Nick Herbert, a father in the UK, has developed an app to use with his 13-year-old son and I can’t decide if it’s totally awesome, or if it’s helicopter parenting taken to a whole new level.
When Herbert realized his son was screening his calls, he was obviously annoyed. So he created an app that basically forces his teenage son to text him back whenever the kid tries to ignore him! The mobile messaging app, which he called ReplyASAP, will take over the kid’s screen and sound an alarm while locking the phone until he responds. The app tells parents when the message has been seen or it will show a pending sign if the kid’s phone is turned off. So in other words, it will torment and annoy the kid until he responds, which obviously makes it harder for him to ignore his parents.
Since his son goes to school at Langley Park School for Boys, Herbert explained his frustrations before the app:
“I thought [his smartphone] would make getting hold of him easier, but it’s doesn’t at all. In fact, he is always playing games and has the phone on silent. It drives me crazy.”
It can definitely be stressful when you aren’t able to get ahold of your kid, especially in an emergency situation. And it’s definitely annoying when your kid purposefully screens your calls. For those reasons, this messaging app would be a fantastic way of getting your kid’s attention and forcing them to respond! But it begs me to also ask, what did parents do before they had cell phones and could “hover,” knowing their kid’s exact location, read their texts, and now, have an app that forces them to answer their calls? How did anyone survive in such harsh conditions??
Herbert acknowledges that while this may help alleviate some stress for the parents, teenagers probably will not love the idea.
“As they are teenagers I realize they aren’t going to be massively keen…Will it be the bane of his life? Maybe. I’m not going to be using it all the time to speak to him. It is supposed to be a failsafe.”
Okay, that makes sense. Parent’s who don’t abuse the power that app gives them would definitely not qualify as hover parents. So I’m inclined to agree that this is a good app that could be beneficial to have on our phones while our kids are in their snotty teen years. But I do question the annoyance of an alarm going off until the kid responds. What if the kid is in class or some other situation where they might be screening the call for a good reason?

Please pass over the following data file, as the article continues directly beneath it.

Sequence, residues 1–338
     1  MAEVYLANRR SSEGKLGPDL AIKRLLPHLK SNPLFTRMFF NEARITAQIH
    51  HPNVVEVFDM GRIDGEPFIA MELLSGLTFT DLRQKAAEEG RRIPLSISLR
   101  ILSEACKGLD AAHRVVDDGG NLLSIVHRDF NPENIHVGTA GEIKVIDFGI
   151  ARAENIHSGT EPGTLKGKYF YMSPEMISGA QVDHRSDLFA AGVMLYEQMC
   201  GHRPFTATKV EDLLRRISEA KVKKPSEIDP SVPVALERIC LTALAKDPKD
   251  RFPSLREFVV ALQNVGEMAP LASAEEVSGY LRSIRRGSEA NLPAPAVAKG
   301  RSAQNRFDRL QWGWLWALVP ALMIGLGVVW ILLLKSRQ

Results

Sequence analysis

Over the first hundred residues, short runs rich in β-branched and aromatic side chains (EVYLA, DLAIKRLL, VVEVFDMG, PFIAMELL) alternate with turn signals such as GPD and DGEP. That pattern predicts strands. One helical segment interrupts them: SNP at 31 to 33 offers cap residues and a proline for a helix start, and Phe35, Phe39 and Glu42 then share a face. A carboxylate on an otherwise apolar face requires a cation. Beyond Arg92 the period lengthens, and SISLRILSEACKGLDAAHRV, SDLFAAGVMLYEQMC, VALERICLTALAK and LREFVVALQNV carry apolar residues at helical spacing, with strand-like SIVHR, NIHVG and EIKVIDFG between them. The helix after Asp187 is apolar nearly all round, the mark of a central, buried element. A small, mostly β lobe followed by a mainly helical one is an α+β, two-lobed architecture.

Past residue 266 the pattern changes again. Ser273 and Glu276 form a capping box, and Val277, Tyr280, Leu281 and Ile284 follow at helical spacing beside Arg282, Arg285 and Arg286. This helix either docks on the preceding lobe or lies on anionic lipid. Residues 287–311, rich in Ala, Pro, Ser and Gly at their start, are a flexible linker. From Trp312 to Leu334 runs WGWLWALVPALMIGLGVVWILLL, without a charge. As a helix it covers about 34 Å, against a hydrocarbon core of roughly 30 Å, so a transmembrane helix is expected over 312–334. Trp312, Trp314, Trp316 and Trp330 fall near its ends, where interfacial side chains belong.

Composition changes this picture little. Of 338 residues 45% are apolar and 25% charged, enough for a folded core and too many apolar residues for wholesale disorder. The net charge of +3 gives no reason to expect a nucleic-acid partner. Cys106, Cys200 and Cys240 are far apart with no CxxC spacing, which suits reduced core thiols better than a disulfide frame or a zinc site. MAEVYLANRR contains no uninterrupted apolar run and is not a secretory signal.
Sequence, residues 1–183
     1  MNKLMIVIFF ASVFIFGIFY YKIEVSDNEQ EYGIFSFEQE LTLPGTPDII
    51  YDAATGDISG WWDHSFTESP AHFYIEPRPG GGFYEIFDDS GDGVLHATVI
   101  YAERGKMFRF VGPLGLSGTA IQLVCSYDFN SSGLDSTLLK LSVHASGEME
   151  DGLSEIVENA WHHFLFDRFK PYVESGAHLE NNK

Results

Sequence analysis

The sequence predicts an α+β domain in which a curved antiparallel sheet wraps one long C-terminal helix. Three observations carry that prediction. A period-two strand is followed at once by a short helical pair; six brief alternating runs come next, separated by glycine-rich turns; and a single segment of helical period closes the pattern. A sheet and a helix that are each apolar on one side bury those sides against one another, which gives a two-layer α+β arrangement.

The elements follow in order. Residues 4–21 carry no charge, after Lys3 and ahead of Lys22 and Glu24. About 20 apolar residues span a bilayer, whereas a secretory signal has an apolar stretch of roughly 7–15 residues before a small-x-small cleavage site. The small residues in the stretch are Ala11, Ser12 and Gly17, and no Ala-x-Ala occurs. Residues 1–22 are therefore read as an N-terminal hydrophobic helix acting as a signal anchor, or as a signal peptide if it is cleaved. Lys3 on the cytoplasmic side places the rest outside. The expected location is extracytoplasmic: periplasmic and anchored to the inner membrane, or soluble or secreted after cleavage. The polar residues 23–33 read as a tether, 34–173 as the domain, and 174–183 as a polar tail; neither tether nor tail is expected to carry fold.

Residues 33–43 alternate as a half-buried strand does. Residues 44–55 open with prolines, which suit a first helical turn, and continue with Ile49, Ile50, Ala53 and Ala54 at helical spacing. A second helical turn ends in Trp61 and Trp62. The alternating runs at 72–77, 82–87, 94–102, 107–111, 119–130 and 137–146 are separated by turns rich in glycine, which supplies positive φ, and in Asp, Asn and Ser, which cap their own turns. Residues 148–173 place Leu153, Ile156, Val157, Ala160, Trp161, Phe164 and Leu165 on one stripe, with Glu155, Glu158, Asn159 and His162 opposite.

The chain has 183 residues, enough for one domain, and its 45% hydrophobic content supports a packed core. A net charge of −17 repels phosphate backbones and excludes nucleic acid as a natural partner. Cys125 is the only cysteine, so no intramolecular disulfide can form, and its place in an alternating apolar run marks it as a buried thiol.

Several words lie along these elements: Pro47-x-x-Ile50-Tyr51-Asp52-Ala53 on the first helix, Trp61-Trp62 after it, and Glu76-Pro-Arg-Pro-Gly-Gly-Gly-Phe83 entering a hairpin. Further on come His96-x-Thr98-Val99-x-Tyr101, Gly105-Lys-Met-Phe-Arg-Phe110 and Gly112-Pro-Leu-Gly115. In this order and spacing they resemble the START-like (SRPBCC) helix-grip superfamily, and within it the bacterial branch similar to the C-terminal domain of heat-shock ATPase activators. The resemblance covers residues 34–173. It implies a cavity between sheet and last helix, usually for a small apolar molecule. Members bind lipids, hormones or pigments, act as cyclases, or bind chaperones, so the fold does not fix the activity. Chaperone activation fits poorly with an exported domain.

Whatever your opinion on ReplyASAP, Herbert gives a good reminder: “It’s all about [my son] understanding why it’s there.”
If I were to ever use something like this, I’d want to make sure to explain clearly why it was there. It’s not for me to “hover,” and it’s not a new way to annoy my teenager or spy. It’s so I can make sure I have communication with him whenever I need, especially in emergencies. I recognize that parents and their kids used to survive just fine with limited communication before cell phones existed. But since smartphones DO exist now, why not take full advantage of what they can do?
Now, Herbert is selling his app in the hopes of helping other parents ease their worries and frustrations about being screened by their teenager. The only problem is that, for now, the app only works with Android phones. So if you are an iPhone user, you’ll have to figure something else out.
The app costs 99p (~$1.16) for one person, £2.49 (~$2.92) to track four people, £6.99 (~$8.20) for ten people to participate, and £12.99 (~$15.24) to connect 20 numbers. Users get one free connection upon downloading the app in order to link with one of their teenagers for free and then will pay for any additional numbers beyond that.
Would you use an app like this? Do you think it’d be helpful or just another way for “hover” parents to invade upon their already moody teenagers?